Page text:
Niners quarterback Colin Kaepernick protests and gets the starting job.
NEW YORK DAILY NEWS
Tuesday, October 11, 2016, 6:54 PM
So the “friction” never tore apart the San Francisco locker room, and things were never “very disruptive” for 49er players. The sky never fell down in San Fran, even if Colin Kaepernick didn’t play the part of the good little backup quarterback and stay silent.
So one month later, Trent Dilfer was officially wrong in all his criticisms of Kaepernick, the newly minted starting quarterback of the San Francisco 49ers, and one month later, all NFL players should realize that they can — and should — speak their minds on issues of social injustice.
Because one month later, Colin Kaepernick is a starting quarterback, something Niners coach Chip Kelly announced Tuesday when he ousted starter Blaine Gabbert after a 1-4 start. He’ll make his first start against the Buffalo Bills and (who else?) loud-mouthed Donald Trump supporter Rex Ryan. And this comes down to one thing and one thing only, the Niners need help at quarterback, and Kaepernick, who has received death threats and seen his jersey burned for his protest of the national anthem, is the best man for the job.
It was a move that instantly (and finally) dispels one of the most mind-numbing criticisms of Kaepernick’s national anthem protest, erasing the idea that he was somehow destroying his team by drawing attention to a real issue. Dilfer powered that chorus in early September, when he’d insisted that Kaepernick was doing his club a disservice by kneeling during the playing of the national anthem to protest police brutality and black oppression.
“I believe it’s an evolving situation for one,” the former QB and current ESPN analyst said. “. . . I do believe there was some, if not a little, a lot of friction (in San Francisco).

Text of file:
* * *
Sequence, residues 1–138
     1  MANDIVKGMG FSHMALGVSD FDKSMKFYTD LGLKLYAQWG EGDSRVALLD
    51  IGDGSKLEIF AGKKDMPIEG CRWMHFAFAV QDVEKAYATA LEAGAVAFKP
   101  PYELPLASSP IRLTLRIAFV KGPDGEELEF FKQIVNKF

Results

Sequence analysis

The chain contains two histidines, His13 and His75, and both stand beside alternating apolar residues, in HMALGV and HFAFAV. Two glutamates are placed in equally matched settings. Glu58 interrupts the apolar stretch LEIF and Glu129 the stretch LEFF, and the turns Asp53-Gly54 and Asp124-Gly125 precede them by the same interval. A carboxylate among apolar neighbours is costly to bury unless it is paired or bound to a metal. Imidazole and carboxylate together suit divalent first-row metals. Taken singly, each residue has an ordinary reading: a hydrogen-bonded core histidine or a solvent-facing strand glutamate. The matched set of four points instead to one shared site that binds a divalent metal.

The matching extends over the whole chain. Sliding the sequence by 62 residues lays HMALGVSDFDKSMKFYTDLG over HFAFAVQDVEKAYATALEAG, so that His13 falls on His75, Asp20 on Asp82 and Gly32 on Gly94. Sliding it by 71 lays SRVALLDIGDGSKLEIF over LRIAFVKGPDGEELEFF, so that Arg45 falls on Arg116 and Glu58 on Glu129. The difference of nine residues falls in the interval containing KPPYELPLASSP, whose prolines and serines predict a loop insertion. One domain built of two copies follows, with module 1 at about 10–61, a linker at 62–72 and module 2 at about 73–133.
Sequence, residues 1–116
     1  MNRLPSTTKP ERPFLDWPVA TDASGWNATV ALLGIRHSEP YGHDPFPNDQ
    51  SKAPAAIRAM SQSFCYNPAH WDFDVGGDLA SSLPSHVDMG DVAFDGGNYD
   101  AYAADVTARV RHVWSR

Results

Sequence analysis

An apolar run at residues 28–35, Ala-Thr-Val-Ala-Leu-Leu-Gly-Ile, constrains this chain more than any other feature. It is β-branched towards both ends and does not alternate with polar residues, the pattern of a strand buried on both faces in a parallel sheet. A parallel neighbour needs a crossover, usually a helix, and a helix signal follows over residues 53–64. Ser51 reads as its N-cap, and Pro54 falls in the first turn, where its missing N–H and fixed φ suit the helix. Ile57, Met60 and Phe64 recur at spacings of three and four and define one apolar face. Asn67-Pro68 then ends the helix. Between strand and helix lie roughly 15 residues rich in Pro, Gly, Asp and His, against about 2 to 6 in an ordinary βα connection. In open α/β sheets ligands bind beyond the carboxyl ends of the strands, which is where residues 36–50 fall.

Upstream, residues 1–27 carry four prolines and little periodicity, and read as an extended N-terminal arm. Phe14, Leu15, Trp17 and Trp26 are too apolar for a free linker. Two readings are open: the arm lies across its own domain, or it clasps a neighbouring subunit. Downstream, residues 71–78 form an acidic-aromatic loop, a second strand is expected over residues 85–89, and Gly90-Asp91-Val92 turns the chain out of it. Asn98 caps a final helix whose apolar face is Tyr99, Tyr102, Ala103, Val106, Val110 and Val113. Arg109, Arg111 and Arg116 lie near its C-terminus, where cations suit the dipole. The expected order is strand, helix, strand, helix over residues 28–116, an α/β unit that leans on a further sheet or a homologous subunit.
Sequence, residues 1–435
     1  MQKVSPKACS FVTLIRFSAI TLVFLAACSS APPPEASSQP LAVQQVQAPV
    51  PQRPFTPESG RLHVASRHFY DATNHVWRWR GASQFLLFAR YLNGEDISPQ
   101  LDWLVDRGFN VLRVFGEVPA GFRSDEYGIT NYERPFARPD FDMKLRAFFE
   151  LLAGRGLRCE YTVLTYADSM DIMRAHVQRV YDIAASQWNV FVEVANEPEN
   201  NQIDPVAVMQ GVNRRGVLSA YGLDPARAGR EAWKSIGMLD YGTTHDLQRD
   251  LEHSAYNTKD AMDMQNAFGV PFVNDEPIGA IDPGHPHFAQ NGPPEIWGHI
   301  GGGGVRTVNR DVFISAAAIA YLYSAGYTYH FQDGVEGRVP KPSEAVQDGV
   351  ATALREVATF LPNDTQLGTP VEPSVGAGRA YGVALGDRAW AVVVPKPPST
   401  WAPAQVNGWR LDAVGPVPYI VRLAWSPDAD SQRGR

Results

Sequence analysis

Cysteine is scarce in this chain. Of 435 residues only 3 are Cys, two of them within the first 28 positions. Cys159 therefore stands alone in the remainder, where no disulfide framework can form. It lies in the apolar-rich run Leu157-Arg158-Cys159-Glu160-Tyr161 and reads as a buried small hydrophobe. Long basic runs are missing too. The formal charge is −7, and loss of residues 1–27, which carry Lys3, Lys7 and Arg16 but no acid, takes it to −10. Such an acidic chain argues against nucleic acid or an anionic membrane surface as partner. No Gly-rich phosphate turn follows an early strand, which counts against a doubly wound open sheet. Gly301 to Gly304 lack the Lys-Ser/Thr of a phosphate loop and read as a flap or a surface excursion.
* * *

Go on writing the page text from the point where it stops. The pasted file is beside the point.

“I do believe there was evidence at a time where it was very disruptive,” he added, “where it made it much harder for the team. It seems like everyone’s put a bow on this, and it’s all farts and giggles now. That’s not the case.”
Except there has never been any sign of mutiny or discontent in San Francisco — not a month ago and certainly not now. There wasn’t even a hint of disruption over the last few weeks, not even an anonymous quote from a player or Niners exec.
There was little sign of a true front office agenda to keep the quarterback from returning to the spotlight. When he began his protest, some speculated it could lead Kelly to cut him, and others said Kelly’s recent suggestion that Kaepernick wasn’t yet “100%” was a convenient way to keep him from starting.
(Nils Nilsen/Getty Images)
Yet here we are with Kaepernick back as the starter, a move that Kelly says was purely a “football decision,” and a move that makes Dilfer’s criticism look downright silly. His was a one-dimensional characterization of the NFL locker room, one that suggests team chemistry can only work if everyone buries personal pursuits in favor of the team.
That characterization has long led players — especially backups — to be silent in a league in which just a handful of stars are irreplaceable. It’s a characterization of the NFL that seemingly makes it dangerous for players to hold unpopular stances on social issues, part of the reason so few spoke out before Kaepernick spawned a movement in August.
But one month later, players should draw at least a little comfort from Kaepernick’s success, from how he bravely made his stand regardless of career consequences — and how he still has his NFL career intact.
There’s room for players to use their voices and their NFL platform for issues of social justice, without fear of repercussion. They need not follow the Trent Dilfer model and hide for fear that an opinion will demolish the entire team concept.
And there’s even more room and perhaps still more platform for Kaepernick to use his own voice, now that he’s reinstalled as a starter. Everyone from Ruth Bader Ginsberg to President Barack Obama to Kate Upton were already talking about Kaepernick’s protest, but he could make even more statements now, with his eye black and his cleats, perhaps, with the way he handles on-field interviews.
Now, Kaepernick, who was never going to be silenced, may find ways to amplify his voice even more.
And now, Trent Dilfer can be silent.